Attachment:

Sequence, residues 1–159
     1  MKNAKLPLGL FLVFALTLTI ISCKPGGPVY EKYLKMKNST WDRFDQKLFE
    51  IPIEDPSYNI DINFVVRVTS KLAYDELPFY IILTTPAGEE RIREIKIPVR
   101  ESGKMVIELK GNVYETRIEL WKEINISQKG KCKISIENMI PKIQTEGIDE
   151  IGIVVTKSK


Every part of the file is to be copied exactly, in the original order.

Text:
Sequence, residues 1–159
     1  MKNAKLPLGL FLVFALTLTI ISCKPGGPVY EKYLKMKNST WDRFDQKLFE
    51  IPIEDPSYNI DINFVVRVTS KLAYDELPFY IILTTPAGEE RIREIKIPVR
   101  ESGKMVIELK GNVYETRIEL WKEINISQKG KCKISIENMI PKIQTEGIDE
   151  IGIVVTKSK